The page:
YOU CAN GIVE ME A STANLEY MARSH 3 OVER A WHITTENBURG anytime [“ Big Feud at Cadillac Ranch,” March 1996]. Reading and howling about this eccentric old coot’s escapades, I kept wondering, “How can I help this guy stave off those damn Whittenburgs?” I was waiting for a quote from George A. Whittenburg II to the tune of “Bring Me the Head of Marsh 3!” Lighten up, George.
AS A TEENAGER, I WORKED FOR STANLEY MARSH 3 one summer. I can attest that there was no “funny business” going on at his Toad Hall estate, other than a few bizarre chores—painting entire trees with yellow paint; feeding his Clydesdale horse, llamas, and ostriches; painting strange signs, which were then only placed around his estate. After two weeks of employment, I realized that I had better things to do with my life than work for a spoiled-brat millionaire. Thank you, Stanley, for teaching me an important lesson.
Daniel J. Albracht
REGARDING YOUR HEARTFELT AND MUCH-APPRECIATED PIECE on Barbara Jordan [“ Major Barbara,” March 1996], I am at a disadvantage in not having read the essay “The Conscience of Huckleberry Finn” in the class taught by Ms. Jordan, but I want to plunge ahead anyway. My son is named for Mark Twain. Mark Twain is important to me. Periodically the man from Hannibal is reevaluated—which is fine, the essence of academic honesty—and we’re going through that again, especially with Huckleberry Finn. I have no problem with any conclusions anyone wants to draw from the novel; that’s part of its greatness. All I’d like to point out is that the passage you quote is not the heart and soul of the novel. Yes, in that passage Huck cannot bring himself to tell the truth about the man in the raft, and I have no argument with the conclusion that he does it out of weakness of will, not moral conviction. But that’s not the passage from which American literature takes its sustenance.
This comes later, when Huck has written a note to Jim’s owner, telling her where the runaway slave is and how to pick him up. He feels good and thinks about how near he came to going to hell, but he goes on thinking about his friendship with Jim, and he sees the note, and he says, “I took it up and held it in my hand. I was a-trembling, because I’d got to decide, forever, betwixt two things, and I knowed it. I studied a minute, sort of holding my breath, and then says to myself: ‘All right, then, I’ll go to hell’—and tore it up.” Weakness? Sure, Huck realized his moral principles were useless, as you put it. But that’s because they were neither principles nor moral. His choosing to “go to hell” reflects a genuine, and deep, moral odyssey. It’s the opposite of weakness. His principles and his feelings turned out to be one and the same.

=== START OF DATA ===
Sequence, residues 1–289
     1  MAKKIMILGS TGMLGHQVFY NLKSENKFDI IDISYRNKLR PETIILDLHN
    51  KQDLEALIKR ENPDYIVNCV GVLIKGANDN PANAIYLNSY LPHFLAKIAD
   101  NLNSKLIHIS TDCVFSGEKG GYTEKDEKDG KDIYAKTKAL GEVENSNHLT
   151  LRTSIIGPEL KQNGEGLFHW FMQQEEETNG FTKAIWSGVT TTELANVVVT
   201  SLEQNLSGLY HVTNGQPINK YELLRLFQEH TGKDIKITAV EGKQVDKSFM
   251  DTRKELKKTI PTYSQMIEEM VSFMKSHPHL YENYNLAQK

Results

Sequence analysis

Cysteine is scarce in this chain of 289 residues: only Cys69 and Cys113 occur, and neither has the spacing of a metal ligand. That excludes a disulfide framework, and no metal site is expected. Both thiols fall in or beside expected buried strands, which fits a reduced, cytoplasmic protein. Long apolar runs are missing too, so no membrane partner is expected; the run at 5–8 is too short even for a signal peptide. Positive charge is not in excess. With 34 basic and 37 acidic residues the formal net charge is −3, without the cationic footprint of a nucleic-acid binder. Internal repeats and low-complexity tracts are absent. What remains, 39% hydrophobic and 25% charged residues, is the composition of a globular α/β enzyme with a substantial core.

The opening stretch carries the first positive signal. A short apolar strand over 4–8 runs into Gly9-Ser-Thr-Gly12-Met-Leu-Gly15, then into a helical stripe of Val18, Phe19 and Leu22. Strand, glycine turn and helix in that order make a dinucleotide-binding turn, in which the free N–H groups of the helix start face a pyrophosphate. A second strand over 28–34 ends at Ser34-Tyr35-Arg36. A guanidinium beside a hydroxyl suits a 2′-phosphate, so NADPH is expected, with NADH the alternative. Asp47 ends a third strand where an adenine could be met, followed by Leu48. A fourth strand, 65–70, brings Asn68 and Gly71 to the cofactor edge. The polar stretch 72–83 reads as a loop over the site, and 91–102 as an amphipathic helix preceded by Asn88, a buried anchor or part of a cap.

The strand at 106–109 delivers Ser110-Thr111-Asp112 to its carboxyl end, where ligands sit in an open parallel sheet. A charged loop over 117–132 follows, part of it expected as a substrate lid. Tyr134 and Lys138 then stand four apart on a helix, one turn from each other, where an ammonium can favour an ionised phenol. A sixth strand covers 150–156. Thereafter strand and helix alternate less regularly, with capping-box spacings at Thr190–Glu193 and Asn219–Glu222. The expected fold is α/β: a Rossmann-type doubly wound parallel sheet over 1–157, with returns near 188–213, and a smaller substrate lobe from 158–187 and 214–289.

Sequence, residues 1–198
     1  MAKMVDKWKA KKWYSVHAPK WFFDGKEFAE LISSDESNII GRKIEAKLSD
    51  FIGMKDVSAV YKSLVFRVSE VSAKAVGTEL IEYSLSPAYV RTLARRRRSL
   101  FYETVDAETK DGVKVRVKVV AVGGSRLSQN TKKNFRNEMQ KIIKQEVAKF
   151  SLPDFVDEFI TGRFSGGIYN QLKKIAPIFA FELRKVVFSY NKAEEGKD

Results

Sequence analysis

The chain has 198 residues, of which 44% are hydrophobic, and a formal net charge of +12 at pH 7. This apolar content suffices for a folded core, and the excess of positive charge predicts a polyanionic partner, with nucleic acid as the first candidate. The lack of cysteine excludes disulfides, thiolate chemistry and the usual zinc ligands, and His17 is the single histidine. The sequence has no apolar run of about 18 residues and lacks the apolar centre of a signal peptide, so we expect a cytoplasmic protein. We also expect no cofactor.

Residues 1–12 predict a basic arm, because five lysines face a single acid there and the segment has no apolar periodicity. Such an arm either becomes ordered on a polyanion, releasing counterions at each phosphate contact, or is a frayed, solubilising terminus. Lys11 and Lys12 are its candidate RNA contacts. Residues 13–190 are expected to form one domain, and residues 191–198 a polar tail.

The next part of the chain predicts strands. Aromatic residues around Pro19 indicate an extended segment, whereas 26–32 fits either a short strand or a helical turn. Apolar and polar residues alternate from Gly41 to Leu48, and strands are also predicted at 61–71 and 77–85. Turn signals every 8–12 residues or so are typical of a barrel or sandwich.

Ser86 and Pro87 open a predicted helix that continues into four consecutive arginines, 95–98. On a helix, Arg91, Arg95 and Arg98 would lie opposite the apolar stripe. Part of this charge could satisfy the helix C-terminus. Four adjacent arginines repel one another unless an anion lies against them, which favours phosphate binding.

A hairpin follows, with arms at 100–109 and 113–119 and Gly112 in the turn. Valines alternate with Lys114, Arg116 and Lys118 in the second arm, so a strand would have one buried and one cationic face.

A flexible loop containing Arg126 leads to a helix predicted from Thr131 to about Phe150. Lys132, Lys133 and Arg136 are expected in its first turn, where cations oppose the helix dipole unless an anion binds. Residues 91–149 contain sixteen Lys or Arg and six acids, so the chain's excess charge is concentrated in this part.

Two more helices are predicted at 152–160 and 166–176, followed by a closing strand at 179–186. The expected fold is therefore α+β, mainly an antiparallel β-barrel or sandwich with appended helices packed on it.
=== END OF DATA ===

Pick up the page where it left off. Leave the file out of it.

I LOVED “ THE JONES GANG” [March 1996]. Though I am neither a true Texan nor a Dallas Cowboys fan, I at least used to respect the teams of the seventies and eighties, along with Coach Landry. Jones’s Cowboys are truly America’s team of the nineties, displaying that money can buy anything, regardless of the rules.
BEDICHEK, DOBIE, AND WEBB WILL ALWAYS BE MY FAVORITE Texas writers [“ Pen Pals,” March 1996]. Roy Bedichek and I talked back and forth in letters, J. Frank Dobie inspired me to become a journalist, and I was a student under Walter Prescott Webb. In one letter, Dobie wrote: “No journalism professor in America can teach you a damned thing about the architecture of a sentence. They are all ignorant pretenders.” In class one day, students were asked what their majors were and one young woman said journalism. Mr. Webb came out with “Aw, hell!” Mr. Webb later apologized to the student for his outburst but explained, “I spent a lot of my golden youth taking courses in writing before I had anything to say.” Mr. Webb also wrote an article for a history magazine, which went unpublished, about how history professors couldn’t write.
DON GRAHAM IS REGRETTABLY RIGHT when he asserts that contemporary Texans neither know nor appreciate their famous forebears. In proof, I cite your misidentification of Roy Bedichek and Mody Boatright.
The editors reply: Mr. Shockley is correct. The men’s names are reversed in the caption on page 103.
CANONIZING IS NOT WITHOUT ITS CRITICS nor its charges of subjective judgment [“ Canon Fever,” March 1996]. As much as I like Duel of Eagles, it is a good book but not good history. It is certainly not as canon-ible as Texian Iliad, by Stephen L. Hardin. Besides, Jeff Long’s Empire of Bones is more deserving to be on your list; in fact, it is among the best novels about the Texas Revolution ever written, a page-turner that leaves its images and its character forever in the reader’s imagination. I also want to barrack for The Cannibal Owl, by the late, great Chad Oliver, a top-notch science fiction writer who just happened to be very good at writing about the confluence and conflict of the Indian and the white man on the Texas frontier.
AS ROBERT DRAPER REVEALED IN “ THE HORSE KILLERS” [March 1996], life is difficult for the poor and disadvantaged. I grew up poor with a single parent, but I still believe that one can overcome and that it is not an excuse for criminal behavior.
TO THE MOTHERS OF THE EAST TEXAS HORSE KILLERS: It is ludicrous to think racism had anything to do with your children’s crime. The only victim didn’t even comprehend differences in human skin color.
I’M NOT SURE WHAT I FIND MORE PATHETIC,